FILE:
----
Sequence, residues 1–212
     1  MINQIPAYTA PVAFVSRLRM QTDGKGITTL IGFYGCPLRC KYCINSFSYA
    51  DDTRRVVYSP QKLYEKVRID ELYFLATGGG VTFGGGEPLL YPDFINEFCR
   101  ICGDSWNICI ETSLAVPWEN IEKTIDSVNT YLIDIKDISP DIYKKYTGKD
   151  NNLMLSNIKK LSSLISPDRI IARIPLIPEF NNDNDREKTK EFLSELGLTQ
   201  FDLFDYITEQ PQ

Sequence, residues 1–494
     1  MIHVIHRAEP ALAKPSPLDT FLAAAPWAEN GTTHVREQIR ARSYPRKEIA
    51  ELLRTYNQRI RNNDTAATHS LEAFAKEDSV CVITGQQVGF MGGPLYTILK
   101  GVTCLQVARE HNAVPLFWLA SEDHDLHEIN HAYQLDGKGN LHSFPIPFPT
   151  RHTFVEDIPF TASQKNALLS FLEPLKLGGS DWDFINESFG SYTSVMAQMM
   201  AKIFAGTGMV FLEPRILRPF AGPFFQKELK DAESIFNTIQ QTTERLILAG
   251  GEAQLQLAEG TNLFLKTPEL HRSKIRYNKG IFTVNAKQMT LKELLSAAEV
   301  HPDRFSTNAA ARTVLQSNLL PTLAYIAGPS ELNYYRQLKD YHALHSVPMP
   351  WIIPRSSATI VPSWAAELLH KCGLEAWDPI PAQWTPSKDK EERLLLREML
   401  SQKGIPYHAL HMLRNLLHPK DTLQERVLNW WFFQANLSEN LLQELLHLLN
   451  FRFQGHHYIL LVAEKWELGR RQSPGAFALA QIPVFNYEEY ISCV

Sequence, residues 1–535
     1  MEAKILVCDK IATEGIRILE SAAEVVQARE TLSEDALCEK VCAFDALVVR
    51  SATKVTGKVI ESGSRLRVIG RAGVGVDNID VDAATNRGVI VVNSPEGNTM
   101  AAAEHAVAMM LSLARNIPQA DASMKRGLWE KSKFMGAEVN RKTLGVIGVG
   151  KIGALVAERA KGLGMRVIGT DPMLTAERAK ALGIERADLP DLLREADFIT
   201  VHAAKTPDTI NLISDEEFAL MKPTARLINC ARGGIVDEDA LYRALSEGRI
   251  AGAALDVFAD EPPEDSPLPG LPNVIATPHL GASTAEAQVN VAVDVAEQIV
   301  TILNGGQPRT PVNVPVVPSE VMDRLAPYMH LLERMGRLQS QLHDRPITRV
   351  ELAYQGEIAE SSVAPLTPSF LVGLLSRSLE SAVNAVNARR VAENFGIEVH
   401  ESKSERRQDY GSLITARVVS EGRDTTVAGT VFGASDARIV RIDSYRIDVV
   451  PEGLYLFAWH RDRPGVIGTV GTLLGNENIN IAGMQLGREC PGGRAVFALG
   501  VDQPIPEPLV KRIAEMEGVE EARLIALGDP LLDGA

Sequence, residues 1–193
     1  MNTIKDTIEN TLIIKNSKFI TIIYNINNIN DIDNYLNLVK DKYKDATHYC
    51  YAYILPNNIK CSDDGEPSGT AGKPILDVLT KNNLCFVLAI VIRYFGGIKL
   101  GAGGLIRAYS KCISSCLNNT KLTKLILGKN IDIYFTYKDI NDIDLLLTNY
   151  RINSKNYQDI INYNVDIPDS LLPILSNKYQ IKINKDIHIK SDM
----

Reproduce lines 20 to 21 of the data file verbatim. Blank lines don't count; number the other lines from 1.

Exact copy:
    51  SATKVTGKVI ESGSRLRVIG RAGVGVDNID VDAATNRGVI VVNSPEGNTM
   101  AAAEHAVAMM LSLARNIPQA DASMKRGLWE KSKFMGAEVN RKTLGVIGVG